Heat and Diabetes: Why It’s Crucial to Monitor Blood Sugar in Hot Weather


Controlling blood-sugar levels becomes more crucial in the summer heat, especially for those who have diabetes.

  • Extreme heat can impact blood-sugar control, making it more challenging to keep levels stable.
  • If you use insulin or struggle with effective blood-sugar management, hot weather poses additional risks.
  • Dehydration due to sweating can lead to glucose level spikes, while high temperatures may degrade medications and testing supplies.

To stay safe during summer, closely monitor your blood-sugar levels and be vigilant about hydration and proper management.

How Does Heat Impact Blood-Sugar Levels?

Heat can have various effects on blood-sugar levels, particularly for people with diabetes.

Fluctuating Blood-Sugar Levels

  • It is important always monitor your blood-sugar levels in hot weather.
  • Hot weather can affect blood-sugar control in different ways.
  • Prolonged sun exposure without physical activity can lead to higher blood sugar levels.

Sped-Up Insulin Absorption

  • In warmer-weather conditions, insulin may be absorbed from the injection site more quickly.
  • This is because high temperatures can cause blood vessels to dilate, enhancing insulin absorption.
  • This increases the risk of hypoglycemia.


Medication Damage

  • Insulin stored in hot conditions or exposed to direct sunlight may lose its potency.
  • It is important to store insulin properly, and avoid exposing it to temperatures above 93-95 degrees Fahrenheit.

Increased Risk of Diabetes Complications

Heat Exhaustion

  • Heat exhaustion can occur when the body struggles to cool down in hot weather.
  • People with diabetes may be more susceptible to heat exhaustion due to impaired blood-vessel and nerve function.
  • If left untreated, heat exhaustion can progress to heat stroke, which is a medical emergency.
  • Symptoms of heat exhaustion include:
  • Headaches
  • Dizziness
  • Nausea
  • Muscle cramps
  • Pale skin.

Practical Tips for Managing Blood Sugar in Hot Weather?

Stay Hydrated

  • Drink plenty of water throughout the day, especially when it’s hot.
  • Water is always the best option to keep yourself hydrated in high temperatures
    • Drinks such as non-caffeinated iced herbal teas are effective as well.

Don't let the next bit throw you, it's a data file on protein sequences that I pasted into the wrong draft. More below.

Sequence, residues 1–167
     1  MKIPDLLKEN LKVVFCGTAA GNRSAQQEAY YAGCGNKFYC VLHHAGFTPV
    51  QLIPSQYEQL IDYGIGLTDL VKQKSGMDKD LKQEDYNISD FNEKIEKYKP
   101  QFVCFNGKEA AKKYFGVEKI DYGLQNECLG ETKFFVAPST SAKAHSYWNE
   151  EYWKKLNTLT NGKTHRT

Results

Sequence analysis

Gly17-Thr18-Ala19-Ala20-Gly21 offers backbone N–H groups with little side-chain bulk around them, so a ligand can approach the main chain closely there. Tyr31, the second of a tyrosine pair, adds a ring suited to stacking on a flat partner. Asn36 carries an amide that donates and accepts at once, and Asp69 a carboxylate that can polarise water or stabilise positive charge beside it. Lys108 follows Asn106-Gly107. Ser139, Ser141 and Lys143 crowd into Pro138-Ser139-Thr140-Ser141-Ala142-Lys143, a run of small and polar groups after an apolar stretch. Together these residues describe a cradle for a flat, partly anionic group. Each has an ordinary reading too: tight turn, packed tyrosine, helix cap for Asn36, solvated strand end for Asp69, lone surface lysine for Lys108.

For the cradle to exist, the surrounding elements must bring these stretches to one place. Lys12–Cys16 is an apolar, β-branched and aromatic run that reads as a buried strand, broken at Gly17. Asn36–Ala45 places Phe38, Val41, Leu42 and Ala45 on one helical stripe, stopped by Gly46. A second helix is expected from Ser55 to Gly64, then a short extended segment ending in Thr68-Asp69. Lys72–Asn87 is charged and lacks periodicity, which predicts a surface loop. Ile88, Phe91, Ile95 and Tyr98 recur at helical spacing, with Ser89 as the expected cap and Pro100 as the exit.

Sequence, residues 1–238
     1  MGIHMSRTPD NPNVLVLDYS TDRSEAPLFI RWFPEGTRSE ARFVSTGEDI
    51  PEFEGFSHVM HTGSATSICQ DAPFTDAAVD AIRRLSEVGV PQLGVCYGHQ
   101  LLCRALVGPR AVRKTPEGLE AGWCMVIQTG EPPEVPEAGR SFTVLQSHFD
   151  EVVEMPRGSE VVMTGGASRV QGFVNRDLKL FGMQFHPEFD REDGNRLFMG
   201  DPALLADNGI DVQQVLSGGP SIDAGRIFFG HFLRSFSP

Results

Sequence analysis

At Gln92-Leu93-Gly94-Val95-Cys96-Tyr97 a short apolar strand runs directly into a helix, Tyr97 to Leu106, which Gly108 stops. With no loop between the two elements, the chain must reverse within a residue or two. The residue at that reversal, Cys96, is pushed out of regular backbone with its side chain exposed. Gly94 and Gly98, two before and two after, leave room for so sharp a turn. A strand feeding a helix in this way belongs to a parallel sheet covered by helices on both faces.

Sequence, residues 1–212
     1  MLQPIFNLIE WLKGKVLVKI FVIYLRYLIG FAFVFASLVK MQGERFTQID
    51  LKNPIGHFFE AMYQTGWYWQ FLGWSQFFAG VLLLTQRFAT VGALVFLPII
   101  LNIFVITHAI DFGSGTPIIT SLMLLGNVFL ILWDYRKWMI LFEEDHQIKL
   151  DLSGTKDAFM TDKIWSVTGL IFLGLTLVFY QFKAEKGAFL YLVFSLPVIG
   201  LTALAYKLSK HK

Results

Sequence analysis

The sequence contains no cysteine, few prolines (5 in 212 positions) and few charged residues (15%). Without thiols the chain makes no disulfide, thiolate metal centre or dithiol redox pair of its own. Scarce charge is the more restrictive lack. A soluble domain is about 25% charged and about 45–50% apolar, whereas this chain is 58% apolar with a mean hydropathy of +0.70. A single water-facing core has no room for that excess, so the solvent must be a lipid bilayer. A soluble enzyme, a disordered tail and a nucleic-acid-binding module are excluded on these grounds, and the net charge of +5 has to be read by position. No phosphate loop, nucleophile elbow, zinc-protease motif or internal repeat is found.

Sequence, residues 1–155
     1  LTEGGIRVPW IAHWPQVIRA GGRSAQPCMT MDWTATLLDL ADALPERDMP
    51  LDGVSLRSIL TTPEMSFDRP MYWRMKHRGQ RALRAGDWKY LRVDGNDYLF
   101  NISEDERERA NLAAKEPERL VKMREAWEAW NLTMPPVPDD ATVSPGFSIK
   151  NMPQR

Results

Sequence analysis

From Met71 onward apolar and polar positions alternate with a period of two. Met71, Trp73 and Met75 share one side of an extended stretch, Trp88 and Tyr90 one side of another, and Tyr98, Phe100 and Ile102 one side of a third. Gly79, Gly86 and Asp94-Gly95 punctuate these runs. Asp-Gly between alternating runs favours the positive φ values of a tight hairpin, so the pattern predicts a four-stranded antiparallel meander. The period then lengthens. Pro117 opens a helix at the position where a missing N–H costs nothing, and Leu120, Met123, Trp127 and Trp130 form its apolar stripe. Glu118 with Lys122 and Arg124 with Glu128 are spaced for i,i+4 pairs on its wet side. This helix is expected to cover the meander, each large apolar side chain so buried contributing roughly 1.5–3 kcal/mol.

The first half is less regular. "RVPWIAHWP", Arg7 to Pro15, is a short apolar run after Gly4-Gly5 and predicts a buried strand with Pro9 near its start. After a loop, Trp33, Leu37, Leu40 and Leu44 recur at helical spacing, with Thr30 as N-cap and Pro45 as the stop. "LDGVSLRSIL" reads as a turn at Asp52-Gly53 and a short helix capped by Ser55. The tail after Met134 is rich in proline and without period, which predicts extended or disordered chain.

• Drinks that act as diuretics or that have a high caffeine or sodium content can actually dehydrate you.
  • Some examples are:
    • Alcohol
    • Sodas and most energy drinks
    • Coffee
    • Milk
    • Caffeinated tea
  • Sports drinks such as Gatorade can be effective
    • Beware of the high sugar content, and perhaps reserve those carb-heavy drinks for a low blood sugar.

Monitor Regularly

  • Heat can affect insulin absorption, so monitoring helps you adjust your doses as needed.

Store Your Insulin Somewhere Cool

Protect Your Testing Supplies

  • Glucose meters, test strips, and insulin pens can be sensitive to heat.
  • Store them in a cool pouch or insulated bag when you’re out.

Choose Smart Snacks

  • Opt for low-carb, hydrating snacks like cucumber, watermelon, or celery.
  • Avoid sugary treats that can cause rapid blood-sugar fluctuations.

Wear Sunscreen

  • Sunburn can stress your body and impact your blood sugar.
  • Protect your skin with sunscreen and lightweight clothing.

Avoid Overexertion

  • High temperatures can stress your body.
  • Be mindful of physical activity and avoid excessive exertion.

Carry Glucose

  • Always have a source of fast-acting glucose with you (e.g. glucose tablets or gel)
  • In case of a low blood sugar, these can help quickly raise it.

Wear a Medical ID

In case of emergencies, wear a medical ID bracelet or carry a card indicating that you have diabetes.

Do Dry Health & Humidity Affect Blood-Sugar Levels Differently?

  • Both dry heat and high humidity can impact blood-sugar levels— albeit in different ways.
    • Dry heat tends to increase insulin sensitivity, potentially leading to lower blood-sugar levels and an increased risk of hypoglycemia.
    • High humidity can affect hydration levels, influencing how the body processes glucose and insulin.
  • It is important to stay hydrated and closely monitor blood-sugar levels in both humid and dry weather.
  • The Centers for Disease Control and Prevention suggest monitoring the heat index in your area, since that takes both temperature and humidity into account.

Go and Have Some Summer Fun!

As we enjoy the summer sun, remember that—with a few simple precautions—people with diabetes can stay safe and fully embrace the season’s joys.

By staying hydrated, managing blood-sugar levels, and seeking shade during peak hours, you can confidently savor outdoor activities.

Let this knowledge empower you to thrive, ensuring every summer day is filled with health and happiness!

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WRITTEN BY Daniel Trecroci, POSTED 07/05/24, UPDATED 07/05/24

Dan has written about diabetes for more than 20 years. He was one of Diabetes Health's first recruits, and throughout his 10 + years as Managing Editor he wrote/published thousands of articles and helped establish Diabetes Health as the premiere resource for people with diabetes. He later became the Content Manager for OneTouchGold—Johnson & Johnson/LifeScan’s official digital publication for its metering-technology customers. Under his leadership, OneTouchGold received the Web Marketing Association’s award for “Best Health & Wellness" web site. Dan has also written for the Diabetes Research Institute, dLife, diaTribe, Healthline, CareDx, Pendulum Therapeutics, and Hero Bread.